Published online by Cambridge University Press: 16 March 2018
In 1975 American and Soviet spacecraft docked together in orbit as part of the Apollo–Soyuz Test Project (ASTP), the world's first international crewed space mission. Focussing on the project's political symbolism, this article argues that the ASTP was an attempt by the Nixon and Ford administrations to advertise US–Soviet detente by harnessing the optimistic imagery of “space brotherhood,” an instinctive kinship supposedly shared by American astronauts and Soviet cosmonauts. This was ultimately unsuccessful, as detente's critics appropriated the mission for their own symbolic use to attack US–Soviet detente as a fantastical escape from earthly problems.
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22 Scott and Leonov, 130, 202–3.
23 “The Ugly American,” Missiles And Rockets, 5 Oct. 1965, 55.
24 Sociologist Lewis Mumford's depiction of the space race as a contest between Soviet and American “megamachines” epitomized this anti-technocratic critique. Tribbe, Matthew D., No Requiem for the Space Age: The Apollo Moon Landings in American Culture (New York: Oxford University Press, 2014), 112CrossRefGoogle Scholar.
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32 The OST itself is available at www.unoosa.org/pdf/gares/ARES_21_2222E.pdf, accessed 19 Oct. 2017. The 1968 UN Agreement on the Rescue of Astronauts, the Return of Astronauts and the Return of Objects Launched into Space is available at www.unoosa.org/oosa/en/ourwork/spacelaw/treaties/introrescueagreement.html, accessed 19 Oct. 2017.
33 Lyndon B. Johnson, “Remarks at the Signing of the Treaty on Outer Space,” 27 Jan. 1967, The American Presidency Project, at www.presidency.ucsb.edu/ws/?pid=28205, accessed 19 Oct. 2017.
34 Teasel Muir-Harmony, “Project Apollo, Cold War Diplomacy and the Framing of Global Interdependence,” unpublished PhD dissertation, Massachusetts Institute of Technology, 2014, 173–76; Logsdon, John, After Apollo: Richard Nixon and the American Space Program (Basingstoke: Palgrave Macmillan, 2015), 10–20Google Scholar.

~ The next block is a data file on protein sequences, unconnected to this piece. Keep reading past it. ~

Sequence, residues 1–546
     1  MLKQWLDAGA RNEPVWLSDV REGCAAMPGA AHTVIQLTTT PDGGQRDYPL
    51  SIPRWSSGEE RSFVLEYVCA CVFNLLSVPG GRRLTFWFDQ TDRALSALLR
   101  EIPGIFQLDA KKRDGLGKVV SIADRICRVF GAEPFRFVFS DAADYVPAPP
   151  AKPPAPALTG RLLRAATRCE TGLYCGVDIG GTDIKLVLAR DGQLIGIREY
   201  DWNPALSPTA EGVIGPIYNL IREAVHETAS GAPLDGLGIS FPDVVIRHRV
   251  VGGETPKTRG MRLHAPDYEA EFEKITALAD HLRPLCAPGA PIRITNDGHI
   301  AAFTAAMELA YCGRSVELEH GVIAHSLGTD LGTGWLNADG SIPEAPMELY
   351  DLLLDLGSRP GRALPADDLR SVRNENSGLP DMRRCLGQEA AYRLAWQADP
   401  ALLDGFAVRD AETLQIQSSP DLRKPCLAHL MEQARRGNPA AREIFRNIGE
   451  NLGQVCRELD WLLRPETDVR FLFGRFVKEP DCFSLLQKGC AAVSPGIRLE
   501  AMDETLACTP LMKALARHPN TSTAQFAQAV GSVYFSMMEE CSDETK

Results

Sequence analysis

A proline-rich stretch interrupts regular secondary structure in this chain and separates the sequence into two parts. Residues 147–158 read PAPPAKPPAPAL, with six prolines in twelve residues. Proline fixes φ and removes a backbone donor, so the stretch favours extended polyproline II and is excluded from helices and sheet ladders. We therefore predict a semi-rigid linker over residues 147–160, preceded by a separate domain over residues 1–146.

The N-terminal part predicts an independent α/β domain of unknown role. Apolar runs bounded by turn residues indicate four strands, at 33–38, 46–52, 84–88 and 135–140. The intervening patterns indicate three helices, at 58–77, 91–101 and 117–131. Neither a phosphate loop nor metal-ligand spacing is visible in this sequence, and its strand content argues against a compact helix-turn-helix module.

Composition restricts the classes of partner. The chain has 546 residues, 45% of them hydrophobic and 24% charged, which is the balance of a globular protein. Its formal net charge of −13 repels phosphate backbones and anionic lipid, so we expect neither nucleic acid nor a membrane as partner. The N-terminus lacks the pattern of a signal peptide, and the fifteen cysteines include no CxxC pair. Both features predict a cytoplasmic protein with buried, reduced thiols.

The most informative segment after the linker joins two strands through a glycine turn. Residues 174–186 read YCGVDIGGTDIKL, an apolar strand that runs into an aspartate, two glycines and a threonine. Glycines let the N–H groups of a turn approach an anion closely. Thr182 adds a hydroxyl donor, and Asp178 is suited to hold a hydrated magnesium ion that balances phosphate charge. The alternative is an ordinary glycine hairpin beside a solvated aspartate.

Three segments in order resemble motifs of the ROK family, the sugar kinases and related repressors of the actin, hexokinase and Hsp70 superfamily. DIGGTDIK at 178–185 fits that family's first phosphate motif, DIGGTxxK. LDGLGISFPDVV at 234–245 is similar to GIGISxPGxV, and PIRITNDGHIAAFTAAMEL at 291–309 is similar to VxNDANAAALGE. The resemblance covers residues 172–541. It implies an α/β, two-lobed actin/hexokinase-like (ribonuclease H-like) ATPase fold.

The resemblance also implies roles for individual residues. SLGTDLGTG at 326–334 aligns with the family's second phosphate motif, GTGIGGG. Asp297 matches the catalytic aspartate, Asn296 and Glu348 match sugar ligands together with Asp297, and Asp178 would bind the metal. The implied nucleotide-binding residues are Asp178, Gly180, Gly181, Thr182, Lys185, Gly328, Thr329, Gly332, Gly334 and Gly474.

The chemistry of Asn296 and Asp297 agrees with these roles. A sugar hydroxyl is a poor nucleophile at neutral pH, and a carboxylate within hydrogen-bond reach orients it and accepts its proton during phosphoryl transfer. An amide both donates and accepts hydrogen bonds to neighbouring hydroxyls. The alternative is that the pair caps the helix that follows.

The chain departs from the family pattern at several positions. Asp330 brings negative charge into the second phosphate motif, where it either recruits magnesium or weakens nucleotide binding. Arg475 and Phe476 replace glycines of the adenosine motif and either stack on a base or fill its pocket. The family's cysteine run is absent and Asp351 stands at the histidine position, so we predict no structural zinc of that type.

35 John Logsdon refers to the idea of flying a foreign astronaut on a later Apollo mission as “Nixon's pet idea.” See ibid., 109–12.
36 Arnold W. Frutkin to Thomas O. Paine, “US/USSR Space Cooperation,” Memo, 2 Jan. 1969, Record Number 15590, “USSR Cooperation Documentation, 1963–1974,” NASA History Office.
37 Henry A. Kissinger to the President, “Letter from Dr. Paine on Increased International Participation in Space Programs,” 27 Aug. 1969, folder Space Programmes Foreign Cooperation (Feb. 1969–Nov. 1970), Box 392, NSC Subject Files, National Security Council (NSC), Files, Richard Nixon Presidential Library, Yorba Linda, CA (hereafter “Nixon Library”); Henry A. Kissinger to the President, “International Space Cooperation: US–Soviet Activities,” 6 July 1970, 2–3, folder Space Programs Foreign Cooperation 1970 [Feb. 1969–Nov. 1970] 1 of 3, Box 392, Subject Files, National Security Council (NSC), Files, Nixon Library.
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39 Logsdon, 17; Don Lesh to Henry A. Kissinger, “Soviet Invitation to Astronaut Borman,” 9 June 1969, folder USSR Vol. III Jun July 1969, 1 of 1, Box 710, NSC Country Files, Europe USSR, Nixon Library.
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43 Alan Barth, “Earthly Kinship of Men in Space,” Washington Post, 20 July 1969, 40.
44 Muir-Harmony, “Project Apollo,” 143.
45 “Memorandum to Dr. Henry Kissinger,” folder Space Programs Foreign Cooperation 1970 [Feb. 1969–Nov. 1970] 3 of 3, Box 392, Subject Files, National Security Council (NSC) Files, Nixon Library.
46 The list included the Apollo 1 astronauts, Vladimir Komarov, the Soyuz 11 crew, Yuri Gagarin and several astronauts who had also been killed in plane crashes during training exercises. Scott, and Leonov, , Two Sides of the Moon (2005), 313–14Google Scholar. For the Salyut 1 mission and the ensuing tragedy see Ivanovic, Grujica S., Salyut, The First Space Station: Triumph and Tragedy (Chichester: Springer Praxis, 2008)Google Scholar.
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49 David N. Parker to Chuck Colson, “Random Thoughts Re Follow-up to Soviet Trip,” 5 June 1972, folder EX OS 3-1 Astronauts 1/1/1971-[1971–1972], Box 10, subject files: Outer Space, White House Central Files, Nixon Library.
50 David C. Hoopes to the President, “Meeting with Apollo 16 Astronauts and Dr. James C. Fletcher, Thursday 15 June 1972, 12:30 P.M. (5 Minutes), The Oval Office,” memorandum, folder EX OS Outer Space [1971–72] 3 of 3, subject files: Outer Space Box 1, White House Central Files, Nixon Library.